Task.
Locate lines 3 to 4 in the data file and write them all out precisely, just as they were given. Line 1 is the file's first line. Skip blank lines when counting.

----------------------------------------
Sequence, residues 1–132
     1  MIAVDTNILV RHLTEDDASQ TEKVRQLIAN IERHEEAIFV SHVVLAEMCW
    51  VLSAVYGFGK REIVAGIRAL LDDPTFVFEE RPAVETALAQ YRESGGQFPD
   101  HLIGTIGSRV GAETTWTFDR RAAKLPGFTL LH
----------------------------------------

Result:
    51  VLSAVYGFGK REIVAGIRAL LDDPTFVFEE RPAVETALAQ YRESGGQFPD
   101  HLIGTIGSRV GAETTWTFDR RAAKLPGFTL LH